Eurosport expert Keri-anne Payne believes Simone Biles is inspiring people beyond the world of gymnastics after the four-time Olympic gold medallist withdrew from the all-around individual event she was expected to win to focus on her mental health.
Biles had already pulled out of the team event with the USA on Tuesday and had reached all five individual finals at Tokyo 2020.
However, the 24-year-old felt she had to "protect her mind and body" and stated that athletes are people too.
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Payne, who is a two-time 10-kilometre open water world champion for Great Britain, was full of praise for Biles’ stance during an interview in the Eurosport Cube.

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Asked about how extraordinary it was that Biles didn’t think she was enough beyond a gymnast, Payne said:
“Everything she is doing is helping her to be this Olympian. Her life has revolved around the Olympics. When I was training, I was part of a seven-person strong team, who are all trying to make the Olympics. If you didn’t make the Olympics in that team, at the time it was seen as a failure because it was just something that was talked about all the time.
So, that’s her life, that’s her world right now. It’s not a surprise that she thinks that’s her worth essentially, but she is worth so much more than that. This is a massive moment in her career, even more massive than standing on the Olympic podium and things like that.
“To be brave enough to say that things aren’t quite right for me right now and I need to be honest about it, and show the world that it’s OK to say this. I’m really glad she’s seen the love and support from the rest of the world. It’s really heartfelt and love is always going to win over the hate you see out there.”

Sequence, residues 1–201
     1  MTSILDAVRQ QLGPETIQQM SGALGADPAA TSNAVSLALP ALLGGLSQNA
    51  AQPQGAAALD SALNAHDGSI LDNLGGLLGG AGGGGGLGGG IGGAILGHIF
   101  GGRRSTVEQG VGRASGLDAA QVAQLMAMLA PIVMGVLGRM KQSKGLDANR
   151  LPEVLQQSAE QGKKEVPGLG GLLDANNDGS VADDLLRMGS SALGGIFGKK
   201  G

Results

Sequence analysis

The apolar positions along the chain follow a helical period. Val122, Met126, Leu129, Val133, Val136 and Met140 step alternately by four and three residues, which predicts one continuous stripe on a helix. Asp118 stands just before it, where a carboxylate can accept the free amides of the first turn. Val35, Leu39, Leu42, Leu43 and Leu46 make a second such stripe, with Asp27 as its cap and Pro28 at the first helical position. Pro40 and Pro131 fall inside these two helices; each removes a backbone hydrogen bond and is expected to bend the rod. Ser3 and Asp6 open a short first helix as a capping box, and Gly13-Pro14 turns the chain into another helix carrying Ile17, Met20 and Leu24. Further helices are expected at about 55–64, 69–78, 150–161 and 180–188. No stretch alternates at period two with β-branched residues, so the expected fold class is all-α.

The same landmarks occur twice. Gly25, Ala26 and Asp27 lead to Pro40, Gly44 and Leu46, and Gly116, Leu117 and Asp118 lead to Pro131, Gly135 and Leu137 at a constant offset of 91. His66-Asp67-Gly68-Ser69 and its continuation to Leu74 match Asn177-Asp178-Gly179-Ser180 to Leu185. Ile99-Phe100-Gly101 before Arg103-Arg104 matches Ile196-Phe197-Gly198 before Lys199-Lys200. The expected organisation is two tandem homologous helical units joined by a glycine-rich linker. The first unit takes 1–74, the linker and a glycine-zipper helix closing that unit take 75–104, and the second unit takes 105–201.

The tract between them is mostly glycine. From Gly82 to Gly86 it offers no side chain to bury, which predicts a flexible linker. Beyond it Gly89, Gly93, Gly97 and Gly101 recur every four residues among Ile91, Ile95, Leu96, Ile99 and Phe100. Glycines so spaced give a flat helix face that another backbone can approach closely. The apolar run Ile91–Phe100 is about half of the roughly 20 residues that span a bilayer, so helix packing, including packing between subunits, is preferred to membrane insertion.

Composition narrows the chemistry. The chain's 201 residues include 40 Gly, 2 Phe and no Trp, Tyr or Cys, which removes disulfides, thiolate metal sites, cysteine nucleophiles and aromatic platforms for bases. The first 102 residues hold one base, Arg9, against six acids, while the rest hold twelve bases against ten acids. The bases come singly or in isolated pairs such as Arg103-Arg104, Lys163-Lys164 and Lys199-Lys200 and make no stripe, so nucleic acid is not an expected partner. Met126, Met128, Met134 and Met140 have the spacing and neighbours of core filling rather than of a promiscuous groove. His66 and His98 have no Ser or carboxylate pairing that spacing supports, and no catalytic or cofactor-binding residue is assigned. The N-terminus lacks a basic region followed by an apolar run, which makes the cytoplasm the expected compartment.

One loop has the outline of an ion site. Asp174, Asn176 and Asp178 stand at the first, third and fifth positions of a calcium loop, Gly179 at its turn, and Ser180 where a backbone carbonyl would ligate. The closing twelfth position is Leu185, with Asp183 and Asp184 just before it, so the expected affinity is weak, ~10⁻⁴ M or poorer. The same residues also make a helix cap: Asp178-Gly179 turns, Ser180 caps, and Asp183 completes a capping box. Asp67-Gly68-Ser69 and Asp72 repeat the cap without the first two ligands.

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Payne suggested her own experience of failing to meet expectations were similar to what Biles was experiencing, but that even a lack of a medal can help people to take an interest in a sport or be inspired.
Payne won silver at the Beijing Olympics and was a favourite to claim gold in her home Games in London in 2012. However, she finished just outside the medals, but found her disappointment didn’t stop people finding a connection with her.
She added: “It’s just really interesting because at the London Olympics I came fourth. It was the home Olympics, I was favourite going in, double world champion. It was heartbreaking, I can guarantee you that.
"I thought this is the end of my career, but even today, many years later, I still get people coming up to me and saying because of that race you’ve inspired me to take open water swimming. I came fourth, I didn’t win a medal, but I still inspired people to do the thing I love doing.
"Simone is doing that, not just with gymnastics, but so much more. She is someone we look to, someone we are all really excited to watch her perform because she is just beautiful to watch. I hope she really feels great about that."
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